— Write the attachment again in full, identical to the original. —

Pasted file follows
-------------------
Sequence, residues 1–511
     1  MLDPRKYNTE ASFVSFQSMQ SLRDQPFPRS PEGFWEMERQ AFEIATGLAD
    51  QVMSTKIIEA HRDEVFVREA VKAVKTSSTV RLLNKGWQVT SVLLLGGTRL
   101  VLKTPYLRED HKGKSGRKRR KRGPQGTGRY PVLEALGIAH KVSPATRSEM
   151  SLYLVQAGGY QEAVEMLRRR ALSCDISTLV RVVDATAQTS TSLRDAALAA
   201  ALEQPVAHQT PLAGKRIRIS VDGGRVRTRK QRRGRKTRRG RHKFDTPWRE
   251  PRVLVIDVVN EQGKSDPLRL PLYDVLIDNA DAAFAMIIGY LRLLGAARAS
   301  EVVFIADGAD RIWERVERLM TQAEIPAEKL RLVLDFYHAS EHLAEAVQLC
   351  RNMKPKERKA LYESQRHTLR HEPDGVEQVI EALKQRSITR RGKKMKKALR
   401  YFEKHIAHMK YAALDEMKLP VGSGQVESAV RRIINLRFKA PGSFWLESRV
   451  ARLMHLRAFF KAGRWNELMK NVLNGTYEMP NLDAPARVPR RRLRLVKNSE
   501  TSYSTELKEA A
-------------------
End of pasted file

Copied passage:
Sequence, residues 1–511
     1  MLDPRKYNTE ASFVSFQSMQ SLRDQPFPRS PEGFWEMERQ AFEIATGLAD
    51  QVMSTKIIEA HRDEVFVREA VKAVKTSSTV RLLNKGWQVT SVLLLGGTRL
   101  VLKTPYLRED HKGKSGRKRR KRGPQGTGRY PVLEALGIAH KVSPATRSEM
   151  SLYLVQAGGY QEAVEMLRRR ALSCDISTLV RVVDATAQTS TSLRDAALAA
   201  ALEQPVAHQT PLAGKRIRIS VDGGRVRTRK QRRGRKTRRG RHKFDTPWRE
   251  PRVLVIDVVN EQGKSDPLRL PLYDVLIDNA DAAFAMIIGY LRLLGAARAS
   301  EVVFIADGAD RIWERVERLM TQAEIPAEKL RLVLDFYHAS EHLAEAVQLC
   351  RNMKPKERKA LYESQRHTLR HEPDGVEQVI EALKQRSITR RGKKMKKALR
   401  YFEKHIAHMK YAALDEMKLP VGSGQVESAV RRIINLRFKA PGSFWLESRV
   451  ARLMHLRAFF KAGRWNELMK NVLNGTYEMP NLDAPARVPR RRLRLVKNSE
   501  TSYSTELKEA A